Now, I'm getting somewhere (my eye brow raised - this is strange). I would expected differences. This raises the facts:

The writing of weak sectors are perfectly writable and the data are all intact and readable when you are writing an audio CD.

I further my tests....

I did the same tests on the posted SD2 images (see 'EFM Testing Images Mirror' thread) that I found in this forum and also the famous generated non writable weak.iso image posted by blackcheck (see 'Almost correct EFM recording' thread).

All of those resulted in 0 differences in comparisons to the original I started with.

So what is going on here?

It looks like the problem is not EFM encoding problem. Also, don't tell me bullshit - interpolation cannot help here!! You do the maths - it won't give you those bytes!!

To me, it looks like the writer when it is fed with those weak sectors is probably truncating some bytes and so results in data CDs that has sectors different from the original - in most cases unreadable sectors - because of missing sync or header.


#2

I took the max.iso and made it into a multiple of 2352 bytes by appending bytes of zeroes to the end (did a bit of simple maths to calculate how much to add). Then I made a cue sheet:

this way you do not get weak sectors at all. the user data
begins at offset 0x10 in the raw sector. also you have to append your bytes to each sector.

just use isobuster to convert your user iso to raw.


#3

Are you sure about that?

Okay, I am going to test this using ISO Buster for the conversion as you mentioned.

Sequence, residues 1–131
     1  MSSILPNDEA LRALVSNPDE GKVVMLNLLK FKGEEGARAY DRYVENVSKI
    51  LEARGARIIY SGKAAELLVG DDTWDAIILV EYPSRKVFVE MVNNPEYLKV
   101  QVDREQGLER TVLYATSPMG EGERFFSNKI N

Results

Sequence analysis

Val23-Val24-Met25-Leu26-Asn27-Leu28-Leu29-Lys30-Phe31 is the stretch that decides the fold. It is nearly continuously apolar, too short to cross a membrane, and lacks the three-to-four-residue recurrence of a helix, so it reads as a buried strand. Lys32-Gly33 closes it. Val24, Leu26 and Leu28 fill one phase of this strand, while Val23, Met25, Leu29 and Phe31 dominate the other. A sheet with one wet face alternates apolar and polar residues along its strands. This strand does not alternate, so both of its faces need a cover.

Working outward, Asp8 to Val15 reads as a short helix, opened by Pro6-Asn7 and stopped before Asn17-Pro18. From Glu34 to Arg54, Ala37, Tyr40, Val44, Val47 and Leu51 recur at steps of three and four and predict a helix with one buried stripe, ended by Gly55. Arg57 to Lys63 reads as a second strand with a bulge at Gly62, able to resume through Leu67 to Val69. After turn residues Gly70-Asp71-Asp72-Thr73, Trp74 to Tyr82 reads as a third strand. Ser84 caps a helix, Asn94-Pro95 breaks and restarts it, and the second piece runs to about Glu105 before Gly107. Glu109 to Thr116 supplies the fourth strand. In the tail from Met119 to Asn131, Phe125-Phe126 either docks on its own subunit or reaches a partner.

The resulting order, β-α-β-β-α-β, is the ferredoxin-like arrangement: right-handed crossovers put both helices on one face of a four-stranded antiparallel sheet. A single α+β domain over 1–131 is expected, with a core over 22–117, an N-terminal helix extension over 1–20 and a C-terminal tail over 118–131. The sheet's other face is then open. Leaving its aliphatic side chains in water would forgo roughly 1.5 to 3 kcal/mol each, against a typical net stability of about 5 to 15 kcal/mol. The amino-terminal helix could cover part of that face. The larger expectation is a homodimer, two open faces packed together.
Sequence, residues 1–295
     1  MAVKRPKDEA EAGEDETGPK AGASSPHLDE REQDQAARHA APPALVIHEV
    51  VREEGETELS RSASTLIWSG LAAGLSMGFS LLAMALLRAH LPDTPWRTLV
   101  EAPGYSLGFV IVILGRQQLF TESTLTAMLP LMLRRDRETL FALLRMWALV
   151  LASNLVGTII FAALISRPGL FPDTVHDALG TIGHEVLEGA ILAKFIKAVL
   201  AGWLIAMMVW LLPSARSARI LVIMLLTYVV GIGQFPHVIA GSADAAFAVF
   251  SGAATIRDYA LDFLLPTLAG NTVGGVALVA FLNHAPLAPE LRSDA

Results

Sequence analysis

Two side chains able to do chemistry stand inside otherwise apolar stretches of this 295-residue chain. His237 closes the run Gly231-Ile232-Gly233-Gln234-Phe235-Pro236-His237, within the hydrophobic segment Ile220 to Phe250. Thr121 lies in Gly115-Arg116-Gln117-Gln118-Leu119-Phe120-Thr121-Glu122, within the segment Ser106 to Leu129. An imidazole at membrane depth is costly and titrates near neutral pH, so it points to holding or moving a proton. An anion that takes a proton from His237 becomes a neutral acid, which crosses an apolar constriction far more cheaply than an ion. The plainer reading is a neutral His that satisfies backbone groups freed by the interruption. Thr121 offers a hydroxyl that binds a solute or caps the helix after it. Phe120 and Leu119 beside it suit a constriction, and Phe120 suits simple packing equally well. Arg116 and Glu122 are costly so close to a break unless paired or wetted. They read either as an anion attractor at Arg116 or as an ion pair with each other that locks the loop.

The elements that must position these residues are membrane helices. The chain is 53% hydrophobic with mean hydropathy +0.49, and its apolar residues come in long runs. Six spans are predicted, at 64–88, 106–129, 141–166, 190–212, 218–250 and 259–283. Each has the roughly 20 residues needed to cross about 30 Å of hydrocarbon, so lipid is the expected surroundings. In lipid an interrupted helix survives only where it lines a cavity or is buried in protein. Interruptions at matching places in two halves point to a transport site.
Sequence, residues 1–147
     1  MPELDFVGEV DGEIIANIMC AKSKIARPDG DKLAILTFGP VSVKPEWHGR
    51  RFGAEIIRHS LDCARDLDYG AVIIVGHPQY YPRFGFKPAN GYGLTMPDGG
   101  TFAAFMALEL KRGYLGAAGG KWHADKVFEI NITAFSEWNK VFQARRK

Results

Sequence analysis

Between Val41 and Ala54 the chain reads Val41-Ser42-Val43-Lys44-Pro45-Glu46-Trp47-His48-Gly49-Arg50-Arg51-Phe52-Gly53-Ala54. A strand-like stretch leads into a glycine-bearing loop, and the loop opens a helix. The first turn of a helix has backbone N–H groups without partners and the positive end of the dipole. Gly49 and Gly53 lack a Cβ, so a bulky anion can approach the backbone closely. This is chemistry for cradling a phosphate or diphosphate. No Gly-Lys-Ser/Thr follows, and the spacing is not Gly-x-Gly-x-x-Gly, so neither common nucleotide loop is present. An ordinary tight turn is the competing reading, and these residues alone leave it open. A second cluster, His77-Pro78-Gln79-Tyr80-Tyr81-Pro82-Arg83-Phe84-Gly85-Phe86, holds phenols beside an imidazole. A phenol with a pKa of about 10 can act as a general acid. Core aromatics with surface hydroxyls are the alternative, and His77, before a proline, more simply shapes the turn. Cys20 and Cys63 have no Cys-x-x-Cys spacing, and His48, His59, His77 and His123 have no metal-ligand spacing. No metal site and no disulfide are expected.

#4

Just tested it and there were 0 differences.

I tested max.iso with ISOBuster to extract it as raw 2352 file and burnt it as audio with Plextor 8432T and CDRWin and then read with Toshiba DVD.

Mind you I added a 2 second of zeroes (150x2352) to the beginning and the ending of the file so that I can get all bytes from the copy - this does not affect the weak sectors because it’s just extra 2352 sectors.

This time there are weak sectors!!!

Blackcheck, I noticed in one thread you said that you have tried this and you couldn’t even read some of the sectors - I think you should try the test again on a different drive. You have to remember, to add extra pad sectors to the beginning and ending - otherwise you’ll miss out some data. This is a flaw in most writers when writing audio - some sound bytes get cut off at the start and cannot read some at the end.

Also, when comparing you can’t just compare the copy with the original directly - you have to cut out the zeroes first.

If you don’t believe me then just try it out for yourself. You’ll get the same results.


#5

audio data doesn’t get scrambled. thus no weak sectors.
try again as data and you will fail.


#6

Does this suggest that weak sectors are causing the writer to do incorrect scrambling of data sectors?

If so, then this is the problem and has nothing to do with incorrect EFM encoding at all.